But this is just the beginning of a tough stretch for Buzz Williams and company. Over the next 10 days they play at #23 NC State, at home against #15 Louisville, and at a Clemson group who just took the Wolfpack to the wire in Raleigh. It's no stretch against UVA and UNC, but games like this will decide if the Hokies can land a double bye in the ACC Tournament, and what line they'll (probably) land on in March.
The Starting Five
Here are my five favorite things I saw tonight.
5. Ahmed Hill: Energy Guy
Long ago, before he developed a (slightly hitchy) three point stroke, Hill was a gangly freshman who relied purely on athleticism and hustle. He could hardly dribble, his shot was reminiscent of a baby bird (while in flight you had no idea if it would get there, and if it did you had no idea where it would land), and his defense was spotty.
But no matter what kind of holes Hill had in his game, both his talent and his heart were obvious.
And that's why I love what we've seen from him the last few games. Yes, I've been critical of the peaks and valleys of his long distance shot, but against the Hurricanes he showed that he can impact the game in a variety of ways. He got out in transition, attacked the basket with straight line drives from the perimeter, and drew contact to get to the line. He even bailed the Hokies out of a few end-of-shot-clock situations with contested mid-range jumpers.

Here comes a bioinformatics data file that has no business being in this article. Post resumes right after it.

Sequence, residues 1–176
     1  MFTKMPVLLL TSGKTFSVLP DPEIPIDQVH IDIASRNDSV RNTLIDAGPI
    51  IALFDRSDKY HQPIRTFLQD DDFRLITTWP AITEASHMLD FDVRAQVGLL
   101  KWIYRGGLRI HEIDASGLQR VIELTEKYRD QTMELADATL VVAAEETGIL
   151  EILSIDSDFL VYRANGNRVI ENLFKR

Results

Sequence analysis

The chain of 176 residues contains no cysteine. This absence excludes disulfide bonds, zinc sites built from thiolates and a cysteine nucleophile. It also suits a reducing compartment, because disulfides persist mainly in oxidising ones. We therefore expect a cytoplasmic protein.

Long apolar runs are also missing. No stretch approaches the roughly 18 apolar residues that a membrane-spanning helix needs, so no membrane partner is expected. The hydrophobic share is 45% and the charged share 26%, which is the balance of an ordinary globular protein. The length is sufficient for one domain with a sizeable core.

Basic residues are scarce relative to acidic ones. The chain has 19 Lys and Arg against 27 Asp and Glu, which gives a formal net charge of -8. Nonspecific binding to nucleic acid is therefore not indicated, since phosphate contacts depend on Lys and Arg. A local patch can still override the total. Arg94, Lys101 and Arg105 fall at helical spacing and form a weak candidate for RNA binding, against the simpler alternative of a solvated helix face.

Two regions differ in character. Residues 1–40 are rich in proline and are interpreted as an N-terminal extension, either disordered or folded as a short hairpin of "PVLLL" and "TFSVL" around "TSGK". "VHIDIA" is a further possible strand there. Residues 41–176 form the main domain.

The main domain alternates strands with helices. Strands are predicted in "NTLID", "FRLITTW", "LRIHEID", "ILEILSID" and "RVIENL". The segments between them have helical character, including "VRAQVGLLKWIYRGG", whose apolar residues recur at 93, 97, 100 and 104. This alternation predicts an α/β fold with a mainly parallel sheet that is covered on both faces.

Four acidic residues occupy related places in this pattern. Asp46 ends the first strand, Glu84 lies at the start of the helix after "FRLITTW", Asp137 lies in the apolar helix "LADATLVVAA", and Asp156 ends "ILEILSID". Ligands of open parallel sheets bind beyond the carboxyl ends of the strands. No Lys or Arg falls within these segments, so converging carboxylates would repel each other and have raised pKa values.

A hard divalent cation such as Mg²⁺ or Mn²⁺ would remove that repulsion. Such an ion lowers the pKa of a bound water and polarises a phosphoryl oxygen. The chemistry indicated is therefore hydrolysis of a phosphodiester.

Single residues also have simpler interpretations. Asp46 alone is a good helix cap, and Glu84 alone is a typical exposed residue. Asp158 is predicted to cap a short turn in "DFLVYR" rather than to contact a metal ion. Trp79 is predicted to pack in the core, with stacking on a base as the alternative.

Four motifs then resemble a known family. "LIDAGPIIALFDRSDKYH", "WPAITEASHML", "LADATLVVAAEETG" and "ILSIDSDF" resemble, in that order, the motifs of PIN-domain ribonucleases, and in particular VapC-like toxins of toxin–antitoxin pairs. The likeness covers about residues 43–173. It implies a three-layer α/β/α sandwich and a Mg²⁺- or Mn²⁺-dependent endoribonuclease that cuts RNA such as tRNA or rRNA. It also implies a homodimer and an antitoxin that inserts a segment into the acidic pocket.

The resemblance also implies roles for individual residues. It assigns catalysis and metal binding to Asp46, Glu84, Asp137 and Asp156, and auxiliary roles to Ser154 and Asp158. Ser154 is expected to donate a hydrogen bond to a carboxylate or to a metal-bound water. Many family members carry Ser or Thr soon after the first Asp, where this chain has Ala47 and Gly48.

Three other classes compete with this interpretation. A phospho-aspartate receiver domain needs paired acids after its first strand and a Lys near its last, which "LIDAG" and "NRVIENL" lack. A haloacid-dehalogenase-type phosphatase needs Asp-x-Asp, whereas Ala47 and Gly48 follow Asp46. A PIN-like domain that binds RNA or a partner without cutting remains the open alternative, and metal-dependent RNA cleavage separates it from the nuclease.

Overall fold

And he did all that while only taking two shots from deep (making one of them). This is the kind of Ahmed Hill, the one from the last three games, that Williams and his staff need to see for the rest of the season. This Ahmed Hill could be the difference between a first round tournament exit and a run.
4. Ty Outlaw. Terminator.
You can't leave him open. You can't let him drift away from the ball on a pick-and-pop. You have to make him dribble and give up his chance from behind the arc. Coaches know this. The scouting report has been out on the millionth year senior since his career in Blacksburg began.
Yet somehow, some way, Outlaw gets open. And he knocks them down. The sharpshooter is draining 48% of his three point attempts, which would tie him for fourth best in college basketball (though he may not qualify due to number of attempts.) He's great, and it's getting to the point where opposing defenders look defeated any time Outlaw rises and fires.
3. Buzz's Micro Machine Lineup
P.J. Horne's absence puts an obvious strain on Blackshear. But before we get all up in arms about Buzz's lack of a front court (remember, this team should also have tenacious rebounder Chris Clarke and seven footer Khadim Sy on the roster, so it's not all poor team construction), I think it's interesting to note how effective a super small-ball lineup of Robinson, Alexander-Walker, Hill, Outlaw, and Wabissa Bede/Isaiah Wilkins can be in short bursts.